As tens of thousands of single Australians continue to turn to dating apps to find companionship and love, the price of meeting someone special keeps getting higher.
And although many people are prepared to pay the hefty prices, the ACCC is warning consumers to read terms and conditions carefully before signing up, or face the possibility of being charged much more than expected.
The Australian Consumer watchdog has launched a case in the Federal Court against online dating service eHarmony, alleging that it has misled Australian consumers about cancellation fees, renewal prices and the duration of memberships.
The Australian Competition and Consumer Commission (ACCC) said it has received hundreds of complaints about eHarmony and the allegations in its case against the dating service relate to conduct dating back to at least November 2019, and is ongoing.
The ACCC’s case specifically alleges misleading representations by eHarmony, including in relation to statements that it offered ‘free dating’, and yet didn’t actually show members pictures of potential partners unless they bought more expensive memberships.
The watchdog also alleges that eHarmony breached Australian Consumer Law through failing to accurately display pricing and cancellation options, thereby making it difficult for users to opt out of automatically renewals.
Automatic renewal ‘traps’
The ACCC alleges that eHarmony failed to prominently disclose automatic renewal pricing, which was only displayed in small font late in the purchase process and within its lengthy terms and conditions, a document very few people actually read.
ACCC Chair Ms Gina Cass-Gottlieb has said the alleged breaches are ‘disappointing’, particularly given the ACCC consulted with eHarmony and other dating sites back in 2016 to develop a set of best practice guidelines to assist dating sites to ensure they provided consumers with transparent, clear information.
But the issue of “subscription renewals” is a fairly widespread problem, not just inherent in dating sites and apps, and in recent months the ACCC has put all digital platforms on notice with regard to what it calls “subscription traps” – warning tech companies that they need to be very clear with consumers about renewals and cancellation options.
Advertising and marketing claims
The ACCC has also been scrutinising the digital advertising and marketing practices of digital companies across a number of industries.
Since the pandemic, online companies have boomed – they were a blessing during the lockdowns when we had little choice but to shop, entertain ourselves, and socialise online, and most are still thriving.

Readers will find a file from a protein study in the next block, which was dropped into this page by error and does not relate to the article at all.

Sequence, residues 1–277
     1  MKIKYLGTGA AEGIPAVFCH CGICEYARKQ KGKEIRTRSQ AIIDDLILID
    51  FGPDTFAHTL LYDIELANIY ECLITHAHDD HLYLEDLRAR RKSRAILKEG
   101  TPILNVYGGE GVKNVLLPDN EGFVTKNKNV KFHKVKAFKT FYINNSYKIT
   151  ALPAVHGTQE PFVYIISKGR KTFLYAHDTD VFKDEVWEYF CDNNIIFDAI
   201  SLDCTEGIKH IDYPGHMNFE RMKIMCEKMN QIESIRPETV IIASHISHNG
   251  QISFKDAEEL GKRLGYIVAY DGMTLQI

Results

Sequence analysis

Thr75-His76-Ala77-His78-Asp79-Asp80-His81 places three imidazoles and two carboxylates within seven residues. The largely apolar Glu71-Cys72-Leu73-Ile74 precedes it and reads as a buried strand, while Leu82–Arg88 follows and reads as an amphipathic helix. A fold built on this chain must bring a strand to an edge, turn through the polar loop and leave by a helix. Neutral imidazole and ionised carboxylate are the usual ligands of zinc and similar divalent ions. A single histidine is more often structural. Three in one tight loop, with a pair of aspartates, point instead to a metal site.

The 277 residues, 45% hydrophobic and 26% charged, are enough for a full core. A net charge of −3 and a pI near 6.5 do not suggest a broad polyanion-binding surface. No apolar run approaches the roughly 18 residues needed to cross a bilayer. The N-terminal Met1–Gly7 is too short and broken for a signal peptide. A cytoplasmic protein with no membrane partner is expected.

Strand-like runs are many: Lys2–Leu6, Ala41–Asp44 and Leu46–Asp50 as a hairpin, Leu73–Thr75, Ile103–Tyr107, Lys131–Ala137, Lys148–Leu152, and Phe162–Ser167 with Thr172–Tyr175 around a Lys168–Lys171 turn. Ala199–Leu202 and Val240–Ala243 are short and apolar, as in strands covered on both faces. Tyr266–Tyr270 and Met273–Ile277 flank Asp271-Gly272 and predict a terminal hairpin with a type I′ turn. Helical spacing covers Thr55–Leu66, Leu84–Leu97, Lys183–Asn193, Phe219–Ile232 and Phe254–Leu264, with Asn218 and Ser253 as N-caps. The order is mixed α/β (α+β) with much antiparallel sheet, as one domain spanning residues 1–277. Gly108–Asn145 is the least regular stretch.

Romance related scams
In 2019, the ACCC’s Scamwatch reported that one-fifth of scams were romance and dating related, and the total financial losses of about 4,000 scams tallied $28.6 million. Around 37.5 per cent of reports to Scamwatch resulted in a loss, with an average loss of more than $19,000.
Then, in 2020, along came the pandemic and scams of all kinds became much more prevalent, and scammers found all sorts of crafty new ways to defraud innocent people. Statistics compiled during lockdowns showed that cyber crime was increasing across the board.
The advice to those lonely hearts who interact on online dating sites is typically for everyone to take sensible precautions, be mindful of the information you share, and stay safe, and while it’s important to be wary of the people you might meet, people using online dating services should also be able to have confidence that the site they’ve chosen to use is also trustworthy.
As ACCC chair Ms Gina Cass-Gottlieb has noted, “dating apps provide important services that are used by many Australians to meet new people and make connections, and they have become an intrinsic part of many people’s social lives.
These are personal services, and consumers may bring a different state of mind to these interactions than a commercial one. In addition, some consumers who use these apps may be more at risk from misleading or manipulative selling practices than they would be in other, less personal transactions.”
What is Australian Consumer Law?
The ACCC is the national administrator of Australia’s Consumer Law, which is set out in the Competition and Consumer Act 2010.
The legislation was enacted to protect consumers from unfair business practices. It applies to Australian businesses as well as any person or organisation conducting business in Australia – this includes businesses that are overseas owned, such as eHarmony, which has its base in the US.
Australian consumer law covers such issues as:
- Fair contract terms law covering standard form consumer and small business contracts;
- Consumer rights when buying goods and services;
- A national product safety law and enforcement system;
- A national law for unsolicited consumer agreements covering door-to-door sales and telephone sales;
- National rules for lay-by agreements; and penalties, enforcement powers and consumer redress options.
- Advertising and promotion
- Anti-competitive business practices
The ACCC has significant resources to educate companies and encourage compliance with the Competition and Consumer Act 2010 and the Australian Consumer Law. It also has power to take enforcement action. Breaches of the law can attract fines and pecuniary penalties.
In addition to Australian Consumer Law, the Australian Securities and Investments Commission Act 2001 (ASIC Act), is enforced by ASIC, so that financial products and services are treated in the same way. The ASIC Act also applies to all Australian businesses and overseas businesses conducting operations in Australia.